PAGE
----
Read the full article by Leah Segedie (Mamavation)
“In early 2020, Jessian Choy, a journalist at the Sierra Magazine shared results from the laboratory of Applied Nuclear Physics at the University of Notre Dame regarding potential PFAS contamination in the most popular period underwear brand–Thinx.
We interviewed Jessian Choy and she told us that after years of wondering if this type of underwear contained a type of PFAS chemical, she decided to enlist the help of Dr. Graham Peaslee, a fellow at the American Chemical Society and professor of Applied Nuclear Physics. Dr. Graham Peaslee was also concerned with the potential outcome of PFAS in period underwear after releasing similar results about American food packaging. Peaslee has been researching PFAS for the past few years and was the scientist that discovered the presence of PFAS in fast-food wrappers in 2017. He’s also served as an ambassador for newly debuted film staring Mark Ruffalo about PFAS called ‘Dark Waters,‘ in which he led a discussion about PFOA at Notre Dame University.
The results from these panties were shocking because they made it clear that products like period underwear could be manufactured with PFAS chemicals inside their ‘moisture wicking’ fabric and sold to unsuspecting American consumers. Since it’s right up against the vagina, one of the most sensitive & vascular areas of the body, and scientists are already concerned about dermal exposure, it could be a very relevant avenue for toxic pollution into the body.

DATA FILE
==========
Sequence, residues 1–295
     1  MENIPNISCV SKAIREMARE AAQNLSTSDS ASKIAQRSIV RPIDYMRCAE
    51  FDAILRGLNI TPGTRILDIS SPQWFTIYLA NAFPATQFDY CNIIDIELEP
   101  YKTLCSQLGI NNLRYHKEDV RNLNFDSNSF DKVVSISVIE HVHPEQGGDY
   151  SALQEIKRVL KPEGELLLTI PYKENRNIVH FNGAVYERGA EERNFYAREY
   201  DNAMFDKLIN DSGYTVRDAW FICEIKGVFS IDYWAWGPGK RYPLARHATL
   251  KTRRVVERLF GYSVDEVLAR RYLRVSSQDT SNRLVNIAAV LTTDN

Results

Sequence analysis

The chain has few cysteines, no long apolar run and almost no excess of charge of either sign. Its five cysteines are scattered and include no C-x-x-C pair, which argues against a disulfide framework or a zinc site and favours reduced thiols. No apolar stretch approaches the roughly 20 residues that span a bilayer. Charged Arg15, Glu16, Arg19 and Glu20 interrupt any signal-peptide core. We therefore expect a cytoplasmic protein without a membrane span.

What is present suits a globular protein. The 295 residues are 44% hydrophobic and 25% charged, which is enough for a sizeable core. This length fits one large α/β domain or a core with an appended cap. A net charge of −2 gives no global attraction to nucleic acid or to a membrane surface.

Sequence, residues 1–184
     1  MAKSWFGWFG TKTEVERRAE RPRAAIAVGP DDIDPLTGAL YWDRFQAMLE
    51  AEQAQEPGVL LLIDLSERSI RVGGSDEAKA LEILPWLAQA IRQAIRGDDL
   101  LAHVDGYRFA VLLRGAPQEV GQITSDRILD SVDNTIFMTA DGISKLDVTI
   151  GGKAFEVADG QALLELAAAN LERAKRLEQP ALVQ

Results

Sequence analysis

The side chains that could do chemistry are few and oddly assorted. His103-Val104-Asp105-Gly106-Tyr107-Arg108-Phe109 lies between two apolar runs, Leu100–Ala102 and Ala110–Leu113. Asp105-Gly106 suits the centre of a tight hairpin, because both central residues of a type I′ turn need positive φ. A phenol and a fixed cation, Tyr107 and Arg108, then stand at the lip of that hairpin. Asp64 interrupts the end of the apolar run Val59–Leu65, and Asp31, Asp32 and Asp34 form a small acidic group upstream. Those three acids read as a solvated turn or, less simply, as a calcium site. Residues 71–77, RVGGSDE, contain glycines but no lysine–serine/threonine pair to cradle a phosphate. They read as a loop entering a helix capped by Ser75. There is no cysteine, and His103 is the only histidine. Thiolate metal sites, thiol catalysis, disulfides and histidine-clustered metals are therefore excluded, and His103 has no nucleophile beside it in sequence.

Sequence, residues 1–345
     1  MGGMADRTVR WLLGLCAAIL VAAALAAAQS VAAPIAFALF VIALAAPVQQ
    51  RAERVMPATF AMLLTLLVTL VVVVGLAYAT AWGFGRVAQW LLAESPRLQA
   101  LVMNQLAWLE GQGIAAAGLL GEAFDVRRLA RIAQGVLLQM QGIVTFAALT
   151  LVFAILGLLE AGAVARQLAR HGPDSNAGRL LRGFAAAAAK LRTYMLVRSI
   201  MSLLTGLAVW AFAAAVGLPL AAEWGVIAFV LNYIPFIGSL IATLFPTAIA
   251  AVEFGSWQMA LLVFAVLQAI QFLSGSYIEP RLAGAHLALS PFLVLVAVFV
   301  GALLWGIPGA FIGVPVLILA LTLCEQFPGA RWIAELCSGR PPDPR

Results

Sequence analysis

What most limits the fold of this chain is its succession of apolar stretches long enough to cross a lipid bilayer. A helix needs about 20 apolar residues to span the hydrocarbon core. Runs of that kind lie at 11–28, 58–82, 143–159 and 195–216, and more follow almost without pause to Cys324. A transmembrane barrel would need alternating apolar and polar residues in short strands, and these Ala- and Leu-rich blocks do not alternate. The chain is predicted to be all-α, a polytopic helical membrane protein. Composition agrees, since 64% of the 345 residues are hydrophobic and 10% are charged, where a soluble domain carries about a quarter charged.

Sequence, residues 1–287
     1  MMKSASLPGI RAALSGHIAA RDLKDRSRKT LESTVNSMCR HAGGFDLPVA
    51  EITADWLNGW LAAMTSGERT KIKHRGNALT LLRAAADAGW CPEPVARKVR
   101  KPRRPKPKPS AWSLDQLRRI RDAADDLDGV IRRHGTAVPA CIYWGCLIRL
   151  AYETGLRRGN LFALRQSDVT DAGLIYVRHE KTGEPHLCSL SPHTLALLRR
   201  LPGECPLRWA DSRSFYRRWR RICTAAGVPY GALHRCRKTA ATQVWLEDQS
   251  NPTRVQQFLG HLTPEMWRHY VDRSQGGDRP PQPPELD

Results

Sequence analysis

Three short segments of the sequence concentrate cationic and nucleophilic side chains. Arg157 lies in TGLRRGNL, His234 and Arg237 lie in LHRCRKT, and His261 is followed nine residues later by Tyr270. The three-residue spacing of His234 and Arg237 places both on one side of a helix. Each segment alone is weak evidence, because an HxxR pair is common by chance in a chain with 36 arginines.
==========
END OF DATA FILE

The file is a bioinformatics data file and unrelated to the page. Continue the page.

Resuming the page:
After Dr. Peaslee found fluorine in Thinx panties and it was covered by the Sierra Magazine, it was followed by Thinx denying any responsibility or possibility that it was true. Thinx then hired consultants (who were infamous for representing toxic chemical companies and thwarting regulation & public policy hard on toxic chemicals like perchlorate) to refute the findings of what Dr. Graham Peaslee found in his lab at the University of Notre Dame.
Shortly following the denial, Thinx changed the language on their website to allow them to sell Americans period panties with PFAS without getting into hot water. (We know because we checked.) Basically, any reference to the ‘PFAS’ chemical category was removed, and instead they used language that only claimed they were free from PFOA.
We also noticed other brands making similar changes in legal terms on their sites, but not all.
So in other words, the brands like Thinx haven’t changed their product, but they have changed the way they talk about their product. They aren’t telling you no PFAS chemical is present, they are instead telling you PFOA (one of the thousands of chemicals in that category) isn’t present. But obviously, there is more to worry about inside those panties than PFOA…”